that partitions the set of all nodes into two disjoint sets, N1 and N2Each element in C(N1,N2) is a channel with a source in

    N1 and destination in N2 or vice versa

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    Bandwidth of the Cut

    Total bandwidth of the cut C(N1,N2)

    BN 1 ,N 2 = cC N 1 , N2


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    Bisection The bisection is a cut that partitions the entire

    network nearly in half The channel bisection of a network, BC, is the

    minimum channel count over all bisections

    The bisection bandwidth of a network, BB, is the minimum bandwidth over all bisections

    BC= minbisections

    C N 1 , N2

    BB= minbisections

    BN 1 ,N 2

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    Bisection Examples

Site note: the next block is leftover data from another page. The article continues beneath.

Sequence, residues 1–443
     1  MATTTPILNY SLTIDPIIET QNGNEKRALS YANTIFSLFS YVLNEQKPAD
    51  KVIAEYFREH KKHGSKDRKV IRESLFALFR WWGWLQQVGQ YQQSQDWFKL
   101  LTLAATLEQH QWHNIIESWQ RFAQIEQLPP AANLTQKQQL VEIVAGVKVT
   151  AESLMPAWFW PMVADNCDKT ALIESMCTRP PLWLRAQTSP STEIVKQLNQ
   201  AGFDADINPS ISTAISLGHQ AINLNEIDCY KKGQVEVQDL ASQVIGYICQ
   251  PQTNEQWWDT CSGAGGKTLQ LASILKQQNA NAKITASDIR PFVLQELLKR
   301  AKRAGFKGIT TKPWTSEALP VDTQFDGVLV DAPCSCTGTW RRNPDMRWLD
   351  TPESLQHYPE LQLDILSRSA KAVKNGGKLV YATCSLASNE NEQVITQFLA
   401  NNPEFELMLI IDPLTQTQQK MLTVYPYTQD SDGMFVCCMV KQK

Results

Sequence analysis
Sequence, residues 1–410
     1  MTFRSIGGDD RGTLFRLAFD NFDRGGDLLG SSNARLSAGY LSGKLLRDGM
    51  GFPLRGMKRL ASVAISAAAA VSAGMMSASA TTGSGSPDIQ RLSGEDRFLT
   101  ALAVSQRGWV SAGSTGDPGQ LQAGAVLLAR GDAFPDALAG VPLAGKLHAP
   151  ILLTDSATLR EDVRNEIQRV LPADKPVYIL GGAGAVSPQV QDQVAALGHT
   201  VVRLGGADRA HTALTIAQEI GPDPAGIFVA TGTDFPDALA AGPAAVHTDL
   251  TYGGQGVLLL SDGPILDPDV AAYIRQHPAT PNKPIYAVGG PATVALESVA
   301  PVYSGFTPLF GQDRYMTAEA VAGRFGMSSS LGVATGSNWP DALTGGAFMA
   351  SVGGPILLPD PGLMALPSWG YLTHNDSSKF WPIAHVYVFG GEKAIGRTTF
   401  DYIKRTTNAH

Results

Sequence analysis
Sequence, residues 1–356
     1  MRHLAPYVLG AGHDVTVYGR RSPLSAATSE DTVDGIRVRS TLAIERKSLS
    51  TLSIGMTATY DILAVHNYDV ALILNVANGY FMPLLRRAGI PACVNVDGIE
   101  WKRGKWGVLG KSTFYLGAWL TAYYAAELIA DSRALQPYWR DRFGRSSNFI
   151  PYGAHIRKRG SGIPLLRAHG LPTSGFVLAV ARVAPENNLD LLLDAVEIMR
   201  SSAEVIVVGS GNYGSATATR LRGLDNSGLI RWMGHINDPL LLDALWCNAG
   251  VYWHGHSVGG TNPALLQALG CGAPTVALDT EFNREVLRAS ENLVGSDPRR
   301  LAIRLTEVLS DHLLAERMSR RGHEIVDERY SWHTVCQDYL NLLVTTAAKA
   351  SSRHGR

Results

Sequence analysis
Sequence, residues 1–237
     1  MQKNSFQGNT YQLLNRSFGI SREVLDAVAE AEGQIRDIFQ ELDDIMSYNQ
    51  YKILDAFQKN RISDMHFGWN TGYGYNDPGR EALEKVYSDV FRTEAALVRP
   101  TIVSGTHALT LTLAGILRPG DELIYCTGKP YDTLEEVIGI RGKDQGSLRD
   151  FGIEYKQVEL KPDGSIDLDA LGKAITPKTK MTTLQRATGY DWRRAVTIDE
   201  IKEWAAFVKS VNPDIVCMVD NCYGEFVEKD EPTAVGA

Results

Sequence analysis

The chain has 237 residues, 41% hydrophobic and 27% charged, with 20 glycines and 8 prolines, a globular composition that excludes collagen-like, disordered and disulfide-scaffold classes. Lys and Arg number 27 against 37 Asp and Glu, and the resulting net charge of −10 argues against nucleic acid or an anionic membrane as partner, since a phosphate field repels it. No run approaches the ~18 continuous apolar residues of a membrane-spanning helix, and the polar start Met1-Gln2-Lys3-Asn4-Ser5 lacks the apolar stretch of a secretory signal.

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    Diameter The diameter of a network, Hmax, is the largest, minimal

    hop count over all pairs of terminal nodes

    For a fully connected network with N terminals built from switches with out degree O, Hmax is bounded by

    Each terminal can reach at most O other terminals after one hop

    At most O2 after two hops, and at most OH after H hops

    If we set OH = N and solve for H, we get (1)

    Hmax= maxx,yN

    H x , y

    Hmaxlog ON (1)

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    Average Minimum Hop count

    The average minimum hop count of a network, Hmin, is defined as the average hop count over all sources and destinations

    Hmin=1N 2

    x , yN

    H x , y

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    Physical Distance and Delay

    The physical distance of a path is

    The delay of a path is

    D P =cPl c

    t P =D P /v

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    Data rate in bits/s that the network accepts per input port